These scientists are on a quest to spot asteroids before they smash into Earth
For five long days, a team of meteorite hunters had tussled with thorn bushes and trudged through thick grass in the middle of Botswana. They knew roughly where they should be looking – within a 200 sq km area – but the fragment was likely tiny. Who knows if it had been buried, or even blown away by the wind.
And then. There it was, a tiny chunk of black, dusty stone that came from outer space. About a month earlier, a team of astronomers had predicted in what part of the world meteorites from a particular asteroid would fall. That asteroid, named 2018 LA, exploded in the night-time sky in Botswana several hours after it was seen hurtling towards our plant.
Finding the fragment proved the astronomers right – and it was only the second time in history that fragments of a meteorite had been found from an asteroid previously observed in space.
One of the teams that contributed to this fantastic find is hoping that their system of telescopes can one day warn people on Earth in advance of a bigger, potentially fatal, impact. But how will they do it?
While still in space, 2018 LA was first spotted by the Catalina Sky Survey, a Nasa-funded project. But it was then also observed by the Asteroid Terrestrial-Impact Last Alert System (Atlas) at the University of Hawaii. Atlas is a system of telescopes that has been designed with one ultimate goal in mind: save earthlings from giant space rocks.
It was set up by John Tonry, an astronomer. He was inspired to start the project years ago after constantly hearing that the chances of a dangerous asteroid hitting Earth were very low – once every millennium or so.
“It really bugged me that that number was always handed out without any uncertainty and the actual, most recent event of that type was only 100 years ago,” he explains.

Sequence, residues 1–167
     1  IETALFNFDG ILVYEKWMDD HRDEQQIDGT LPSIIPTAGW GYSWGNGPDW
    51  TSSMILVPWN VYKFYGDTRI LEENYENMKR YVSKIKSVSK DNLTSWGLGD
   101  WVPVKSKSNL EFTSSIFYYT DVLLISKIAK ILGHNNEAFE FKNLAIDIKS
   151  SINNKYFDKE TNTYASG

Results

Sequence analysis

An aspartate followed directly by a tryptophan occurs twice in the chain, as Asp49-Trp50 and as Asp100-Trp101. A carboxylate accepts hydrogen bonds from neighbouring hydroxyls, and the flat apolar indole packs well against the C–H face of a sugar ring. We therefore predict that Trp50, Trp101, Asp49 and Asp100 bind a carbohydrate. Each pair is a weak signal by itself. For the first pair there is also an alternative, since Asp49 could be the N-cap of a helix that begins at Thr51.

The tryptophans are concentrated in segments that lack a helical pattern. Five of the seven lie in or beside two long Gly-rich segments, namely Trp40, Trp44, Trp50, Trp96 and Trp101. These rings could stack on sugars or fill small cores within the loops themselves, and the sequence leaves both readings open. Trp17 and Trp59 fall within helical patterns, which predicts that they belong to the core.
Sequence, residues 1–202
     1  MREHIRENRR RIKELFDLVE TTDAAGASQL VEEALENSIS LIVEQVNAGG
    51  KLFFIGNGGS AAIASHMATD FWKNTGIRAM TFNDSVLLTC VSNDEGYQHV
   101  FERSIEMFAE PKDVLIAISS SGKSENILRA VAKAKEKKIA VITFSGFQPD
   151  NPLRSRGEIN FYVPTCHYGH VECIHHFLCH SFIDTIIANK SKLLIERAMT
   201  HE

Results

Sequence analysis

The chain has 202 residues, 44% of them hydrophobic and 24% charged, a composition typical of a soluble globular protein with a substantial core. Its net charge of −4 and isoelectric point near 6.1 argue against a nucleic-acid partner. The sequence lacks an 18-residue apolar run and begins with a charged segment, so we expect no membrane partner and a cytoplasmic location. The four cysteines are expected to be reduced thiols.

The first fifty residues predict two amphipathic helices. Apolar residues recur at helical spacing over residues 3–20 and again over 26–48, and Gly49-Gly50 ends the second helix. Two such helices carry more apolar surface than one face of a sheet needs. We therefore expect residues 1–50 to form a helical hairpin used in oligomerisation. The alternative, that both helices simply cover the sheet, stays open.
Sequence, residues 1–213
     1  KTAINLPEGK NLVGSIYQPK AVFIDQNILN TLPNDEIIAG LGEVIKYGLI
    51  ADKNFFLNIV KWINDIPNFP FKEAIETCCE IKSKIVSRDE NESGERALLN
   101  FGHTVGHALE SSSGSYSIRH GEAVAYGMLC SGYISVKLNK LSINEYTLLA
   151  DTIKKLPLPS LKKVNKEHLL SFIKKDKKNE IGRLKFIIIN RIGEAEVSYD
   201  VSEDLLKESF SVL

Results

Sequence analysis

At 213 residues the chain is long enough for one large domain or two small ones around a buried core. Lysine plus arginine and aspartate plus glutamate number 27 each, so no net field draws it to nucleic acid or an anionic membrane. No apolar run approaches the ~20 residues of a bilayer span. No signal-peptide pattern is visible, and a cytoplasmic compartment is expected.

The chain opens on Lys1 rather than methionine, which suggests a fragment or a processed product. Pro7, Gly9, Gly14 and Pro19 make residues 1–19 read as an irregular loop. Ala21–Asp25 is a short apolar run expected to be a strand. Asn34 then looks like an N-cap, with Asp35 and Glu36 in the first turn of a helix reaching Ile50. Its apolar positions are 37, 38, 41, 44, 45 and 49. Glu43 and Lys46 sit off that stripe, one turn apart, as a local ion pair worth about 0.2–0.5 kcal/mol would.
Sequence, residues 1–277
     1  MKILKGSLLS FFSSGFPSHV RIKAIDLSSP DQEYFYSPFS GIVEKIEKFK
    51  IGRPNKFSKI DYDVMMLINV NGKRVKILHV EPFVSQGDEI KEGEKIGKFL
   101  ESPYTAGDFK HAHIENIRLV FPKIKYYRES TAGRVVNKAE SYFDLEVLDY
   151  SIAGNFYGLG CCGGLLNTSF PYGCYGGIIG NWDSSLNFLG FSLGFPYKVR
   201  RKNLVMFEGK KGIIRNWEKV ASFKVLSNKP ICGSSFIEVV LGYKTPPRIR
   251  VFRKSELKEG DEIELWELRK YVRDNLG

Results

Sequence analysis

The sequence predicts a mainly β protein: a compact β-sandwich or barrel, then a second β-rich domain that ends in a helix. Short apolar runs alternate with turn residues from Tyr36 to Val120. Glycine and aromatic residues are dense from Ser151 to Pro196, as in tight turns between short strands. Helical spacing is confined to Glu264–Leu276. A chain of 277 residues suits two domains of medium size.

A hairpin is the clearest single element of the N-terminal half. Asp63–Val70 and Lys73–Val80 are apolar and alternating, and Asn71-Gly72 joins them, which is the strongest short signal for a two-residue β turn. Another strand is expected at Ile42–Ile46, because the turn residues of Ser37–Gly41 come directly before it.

Tonry is referring to the 1908 Tunguska event in Siberia, in which an asteroid exploded in the atmosphere, creating a 50-100m wide fireball and flattening about 80 million trees. Reportedly, one person died in the incident. Had the impact site been a more populated area, the effects would have been horrific.
Atlas consists of two telescopes in Hawaii, though Tonry is currently working with colleagues on setting up a third in South Africa, to observe the sky in the southern hemisphere. A fourth telescope has also been funded. Once the full system gets going, Tonry hopes it will offer us a good chance of spotting a major potential impact and, if needs be, it could provide enough notice to evacuate the predicted impact site.
Thanks to this summer’s fragment discovery in Botswana, we know Atlas can get it right. And pinpointing the landing place of 2018 LA was all the more impressive since it was such a small asteroid, less than 2m across.
“It’s a very good initiative, the Atlas system” says Clemens Rumpf, a visiting researcher at the University of Southampton who specialises in the study of asteroids.
“Even today we miss a lot of asteroids that are potentially dangerous.”